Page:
Brewer discovered more detail regarding the attack on the young girl after interviewing her and her brother who chased her assailant. She told him the perpetrator was wearing an odd, multicolored hat that he dropped as he attacked her. He ran back to retrieve it before the family started to chase him. Egley was known to have such a "welder's cap." Later, a witness reported seeing a similar hat hanging on a hook by Egley's door at the Newhouse. Also, before the incident, the brother and the friend of the girl that was attacked had noticed the man who accosted her sitting on the curb near an Arctic Circle eating a hamburger. They lived just a few doors down from the fast-food restaurant then located on Main Street. The brother identified Egley as the attacker and said that he was wearing the cap.

The attack of the girl happened at dusk—probably about 9 p.m. The murder was determined to have ocurred around 10 p.m.

Price Police Officer Barry Bryner arrived first at the scene the next morning. During the investigation, Bryner told Brewer that Jones lay still in a pool of blood. Yet, before she died, she scrawled letters in blood, smearing a "T" into the carpet, followed by an "O" written over the first letter as she died. At least one person besides Bryner saw this. It was known that Jones previously dated Egley, so the "T" and the "O" were significant evidence. Yet their existence was never addressed in the hearings.

While the letters were clearly legible, it was hard to reach collaboration on this point over 40 years later as all crime photos and statements from that time went missing. However, a family member photographed the blood on the floor. For a long time, those photos were in the Jones' family picture album at Jones-Asay's grandmother's house.

"Over the years, I would look through the family photo album. Among all these happy photos were these pictures of the crime scene," Jones-Asay says. "I asked my grandmother to take them out and she finally did. Then, years later, I realized that we needed them and she found them."

The most telling photo is one of 4-year-old Jones-Asay standing in the doorway to her mom's bedroom. The blood-stained letters are on the floor in front of her. When blown up, they're quite obvious.

Later that evening, at about 11:30 p.m., Egley showed up at the Highway Rendezvous Club south of Helper with "pink spots on his shirt," a bar operator told Brewer during the investigation. She said he was adamant that he needed to find someone who was driving into Helper to get a ride from them. However, the Newhouse was only about three blocks away so she didn't understand why he needed a ride, but he found one. He left sometime before midnight with another man.

Egley lived at the Newhouse with his pregnant girlfriend. She told Brewer that he didn't come home until "3 or 4 a.m." When he arrived, she chewed him out for getting back so late. She said he went into the bathroom and took a bath in his clothes. He then took the clothes off and put them in a bag by the door. The next morning he got up early and told her he was going to wash the clothes. He asked her if she had any laundry she wanted him to do.

"This was highly unusual," Brewer says. "She said that he never did the laundry."

He left and apparently went to the laundromat. In those days, coal furnaces heated much of the town and there were burn barrels scattered around town used for disposing "clinkers," the leftover furnace ash and rock. Despite it being summer, the barrels smoldered during warm weather from people burning trash. That morning, a bar operator across the street from the laundromat saw Egley standing by a barrel with smoke coming from it.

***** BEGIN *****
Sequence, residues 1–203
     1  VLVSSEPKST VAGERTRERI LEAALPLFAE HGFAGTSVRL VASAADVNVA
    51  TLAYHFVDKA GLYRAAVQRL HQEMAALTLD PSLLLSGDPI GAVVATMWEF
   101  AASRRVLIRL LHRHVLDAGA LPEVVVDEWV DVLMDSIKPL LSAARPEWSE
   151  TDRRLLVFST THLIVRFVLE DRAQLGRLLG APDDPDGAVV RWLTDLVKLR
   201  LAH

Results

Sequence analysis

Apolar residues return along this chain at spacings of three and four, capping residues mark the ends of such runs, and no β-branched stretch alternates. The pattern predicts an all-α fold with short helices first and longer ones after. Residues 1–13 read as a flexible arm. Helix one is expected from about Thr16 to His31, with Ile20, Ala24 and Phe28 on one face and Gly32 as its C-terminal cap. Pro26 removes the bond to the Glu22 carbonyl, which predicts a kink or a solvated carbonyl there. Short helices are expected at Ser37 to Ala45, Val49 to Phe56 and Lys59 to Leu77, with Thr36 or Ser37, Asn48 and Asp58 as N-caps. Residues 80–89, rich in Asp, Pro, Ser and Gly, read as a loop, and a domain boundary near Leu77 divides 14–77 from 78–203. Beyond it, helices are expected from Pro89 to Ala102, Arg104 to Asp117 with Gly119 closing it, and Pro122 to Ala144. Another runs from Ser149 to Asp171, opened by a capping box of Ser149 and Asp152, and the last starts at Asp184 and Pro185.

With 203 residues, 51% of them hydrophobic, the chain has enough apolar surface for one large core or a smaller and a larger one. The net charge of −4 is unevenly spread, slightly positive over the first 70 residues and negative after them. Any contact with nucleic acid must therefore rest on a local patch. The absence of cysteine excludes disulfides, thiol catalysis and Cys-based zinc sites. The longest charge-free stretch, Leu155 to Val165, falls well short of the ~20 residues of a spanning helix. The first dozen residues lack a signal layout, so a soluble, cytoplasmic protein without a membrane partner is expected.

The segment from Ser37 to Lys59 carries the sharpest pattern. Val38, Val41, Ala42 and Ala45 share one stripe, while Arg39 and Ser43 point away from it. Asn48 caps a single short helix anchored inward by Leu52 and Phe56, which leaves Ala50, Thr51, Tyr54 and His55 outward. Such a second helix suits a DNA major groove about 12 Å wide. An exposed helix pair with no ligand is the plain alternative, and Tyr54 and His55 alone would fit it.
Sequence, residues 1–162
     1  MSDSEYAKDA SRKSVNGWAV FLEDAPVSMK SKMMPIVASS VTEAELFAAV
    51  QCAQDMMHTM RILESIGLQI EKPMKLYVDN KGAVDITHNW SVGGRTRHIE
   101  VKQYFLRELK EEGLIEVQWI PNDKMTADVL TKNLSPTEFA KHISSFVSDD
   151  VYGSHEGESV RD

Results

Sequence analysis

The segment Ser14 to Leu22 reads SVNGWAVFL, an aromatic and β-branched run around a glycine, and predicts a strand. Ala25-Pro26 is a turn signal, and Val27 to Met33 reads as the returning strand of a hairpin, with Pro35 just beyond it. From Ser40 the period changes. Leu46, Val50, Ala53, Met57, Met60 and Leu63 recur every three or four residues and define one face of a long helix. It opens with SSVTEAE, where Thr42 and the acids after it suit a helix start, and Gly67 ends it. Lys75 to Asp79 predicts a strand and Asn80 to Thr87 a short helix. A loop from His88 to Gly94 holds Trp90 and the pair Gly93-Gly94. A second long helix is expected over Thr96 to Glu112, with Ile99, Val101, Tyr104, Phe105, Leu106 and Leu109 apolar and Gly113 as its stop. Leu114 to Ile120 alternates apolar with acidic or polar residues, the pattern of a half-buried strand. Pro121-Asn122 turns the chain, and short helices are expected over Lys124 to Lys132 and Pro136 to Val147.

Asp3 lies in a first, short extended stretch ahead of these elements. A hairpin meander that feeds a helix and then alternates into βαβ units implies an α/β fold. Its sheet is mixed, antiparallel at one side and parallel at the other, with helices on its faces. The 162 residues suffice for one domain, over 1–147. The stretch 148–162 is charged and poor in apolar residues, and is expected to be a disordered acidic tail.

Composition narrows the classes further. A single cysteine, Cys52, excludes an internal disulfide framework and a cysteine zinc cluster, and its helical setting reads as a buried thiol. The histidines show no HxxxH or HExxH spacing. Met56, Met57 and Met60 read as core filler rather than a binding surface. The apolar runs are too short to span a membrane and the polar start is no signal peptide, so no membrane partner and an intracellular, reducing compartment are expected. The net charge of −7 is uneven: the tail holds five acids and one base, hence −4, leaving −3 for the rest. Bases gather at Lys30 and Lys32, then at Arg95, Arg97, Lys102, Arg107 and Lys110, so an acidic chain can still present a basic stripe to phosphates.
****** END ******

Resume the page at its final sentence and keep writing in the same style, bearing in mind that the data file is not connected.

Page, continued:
All these details, witnesses, stories and information were available to authorities in 1970.

"Had DNA testing been available then, the case would have been a slam dunk," Brewer says. "But with so much evidence left out or not found, it just ended."

Starting a cold case over is much harder than investigating the original. Still, as things added up, Egley became an increasingly likely prime suspect.

Carbon County Sheriff's Detective David Brewer shakes hands with Duane Jones, Loretta’s brother, at the Elmo Cemetery on the day her body was reinterred. On the night of the crime, Duane and his father were across the street from the house in which the murder took place. Also in the photo are Carbon County Sheriff Jeff Wood, Chief Deputy Cletis Steele and Detective Wally Hendricks.
  • Carbon County Sheriff's Detective David Brewer shakes hands with Duane Jones, Loretta’s brother, at the Elmo Cemetery on the day her body was reinterred. On the night of the crime, Duane and his father were across the street from the house in which the murder took place. Also in the photo are Carbon County Sheriff Jeff Wood, Chief Deputy Cletis Steele and Detective Wally Hendricks.

In 2010, Brewer traveled to Colorado to interview Egley, who denied all involvement. However, when the wily investigator asked him a particular question, Egley's answer was telling.

"I asked him if we did find the person who murdered Loretta after 40 years of looking for them, what should happen to them."

Egley said that would depend on whether the person had committed any more murders since.

A break in the case came when Brewer was given the supposedly missing court transcripts by the court reporter who was working at the time. He had talked to her years earlier, because the transcripts were not in the county files. At the time, she said she didn't think she had anything on it.

"I was talking with County Attorney Gene Strate, and at the end of the conversation, he said that some lady had dropped something off for me," Brewer says. "It was the transcripts."